The peritoneal macrophage inflammatory profile in cirrhosis depends on the alcoholic or hepatitis C viral etiology and is related to ERK phosphorylation
- Equal contributors
1 Departamento de Bioquímica, Biología Molecular (B) e Inmunología Facultad de Medicina, Universidad de Murcia, Murcia, 30100, Spain
2 Unidad de Trasplante Hepático, Servicio de Aparato Digestivo, Hospital Universitario Virgen de la Arrixaca, Murcia, Spain
3 Unidad Hepática, Hospital General Universitario, Alicante, Spain
4 CIBERehd, Instituto de Salud Carlos III, Madrid, Spain
BMC Immunology 2012, 13:42 doi:10.1186/1471-2172-13-42Published: 6 August 2012
The development of ascites in cirrhotic patients generally heralds a deterioration in their clinical status. A differential gene expression profile between alcohol- and hepatitis C virus (HCV)-related cirrhosis has been described from liver biopsies, especially those associated with innate immune responses. The aim of this work was to identify functional differences in the inflammatory profile of monocyte-derived macrophages from ascites in cirrhotic patients of different etiologies in an attempt to extrapolate studies from liver biopsies to immune cells in ascites. To this end 45 patients with cirrhosis and non-infected ascites, distributed according to disease etiology, HCV (n = 15) or alcohol (n = 30) were studied. Cytokines and the cell content in ascites were assessed by ELISA and flow cytometry, respectively. Cytokines and ERK phosphorylation in peritoneal monocyte-derived macrophages isolated and stimulated in vitro were also determined.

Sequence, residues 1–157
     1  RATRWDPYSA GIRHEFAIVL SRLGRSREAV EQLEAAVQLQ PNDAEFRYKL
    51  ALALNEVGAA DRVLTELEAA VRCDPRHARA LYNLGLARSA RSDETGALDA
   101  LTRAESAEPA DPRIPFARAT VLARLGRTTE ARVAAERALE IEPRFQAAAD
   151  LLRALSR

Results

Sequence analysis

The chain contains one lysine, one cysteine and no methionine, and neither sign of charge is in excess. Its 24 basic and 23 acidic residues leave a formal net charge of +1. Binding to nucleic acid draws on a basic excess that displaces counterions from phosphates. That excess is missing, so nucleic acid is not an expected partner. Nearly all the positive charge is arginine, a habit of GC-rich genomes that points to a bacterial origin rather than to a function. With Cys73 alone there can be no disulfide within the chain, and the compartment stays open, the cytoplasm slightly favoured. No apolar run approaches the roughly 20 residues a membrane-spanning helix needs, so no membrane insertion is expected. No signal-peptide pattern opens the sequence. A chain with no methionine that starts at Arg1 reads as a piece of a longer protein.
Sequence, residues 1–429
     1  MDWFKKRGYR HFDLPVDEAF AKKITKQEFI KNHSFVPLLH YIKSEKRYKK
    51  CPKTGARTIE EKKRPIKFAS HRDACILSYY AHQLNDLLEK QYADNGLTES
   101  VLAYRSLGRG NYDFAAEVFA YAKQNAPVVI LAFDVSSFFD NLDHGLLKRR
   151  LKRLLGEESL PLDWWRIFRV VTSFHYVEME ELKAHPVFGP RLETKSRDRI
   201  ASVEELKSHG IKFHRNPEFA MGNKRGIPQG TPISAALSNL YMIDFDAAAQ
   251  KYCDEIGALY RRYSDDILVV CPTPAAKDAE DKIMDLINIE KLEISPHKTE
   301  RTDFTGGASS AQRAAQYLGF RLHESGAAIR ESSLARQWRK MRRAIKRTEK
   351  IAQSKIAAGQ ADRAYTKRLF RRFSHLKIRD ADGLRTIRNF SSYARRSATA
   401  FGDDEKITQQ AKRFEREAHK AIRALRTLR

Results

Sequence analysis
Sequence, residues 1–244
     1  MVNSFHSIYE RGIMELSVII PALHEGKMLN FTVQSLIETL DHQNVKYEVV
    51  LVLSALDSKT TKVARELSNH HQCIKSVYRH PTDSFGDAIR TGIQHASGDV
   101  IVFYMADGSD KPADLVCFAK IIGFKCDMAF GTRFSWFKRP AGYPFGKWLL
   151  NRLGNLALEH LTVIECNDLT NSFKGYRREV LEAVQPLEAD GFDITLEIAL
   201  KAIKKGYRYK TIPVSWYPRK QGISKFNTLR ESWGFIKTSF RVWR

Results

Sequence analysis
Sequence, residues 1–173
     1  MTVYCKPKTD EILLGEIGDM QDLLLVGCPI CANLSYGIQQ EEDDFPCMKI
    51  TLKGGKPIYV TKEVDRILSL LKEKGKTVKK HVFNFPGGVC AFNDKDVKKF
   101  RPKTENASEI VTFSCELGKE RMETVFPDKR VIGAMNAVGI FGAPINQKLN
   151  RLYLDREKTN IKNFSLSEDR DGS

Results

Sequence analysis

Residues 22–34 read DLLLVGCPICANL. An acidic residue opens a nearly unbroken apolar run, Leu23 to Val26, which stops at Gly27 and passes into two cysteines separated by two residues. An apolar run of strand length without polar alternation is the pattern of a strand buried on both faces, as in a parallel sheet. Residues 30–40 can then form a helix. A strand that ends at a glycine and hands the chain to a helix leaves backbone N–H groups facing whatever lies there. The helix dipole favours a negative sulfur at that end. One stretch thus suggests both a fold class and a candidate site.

A different pattern of leukocyte migration to the peritoneal cavity and differences in the primed status of macrophages in cirrhosis were observed depending on the viral or alcoholic etiology. Whereas no differences in peripheral blood cell subpopulations could be observed, T lymphocyte, monocyte and polymorphonuclear cell populations in ascites were more abundant in the HCV than the alcohol etiology. HCV-related cirrhosis etiology was associated with a decreased inflammatory profile in ascites compared with the alcoholic etiology. Higher levels of IL-10 and lower levels of IL-6 and IL-12 were observed in ascitic fluid from the HCV group. Isolated peritoneal monocyte-derived macrophages maintained their primed status in vitro throughout the 24 h culture period. The level of ERK1/2 phosphorylation was higher in ALC peritoneal macrophages at baseline than in HCV patients, although the addition of LPS induced a greater increase in ERK1/2 phosphorylation in HCV than in ALC patients.
The macrophage inflammatory status is higher in ascites of alcohol-related cirrhotic patients than in HCV-related patients, which could be related with differences in bacterial translocation episodes or regulatory T cell populations. These findings should contribute to identifying potential prognostic and/or therapeutic targets for chronic liver diseases of different etiology.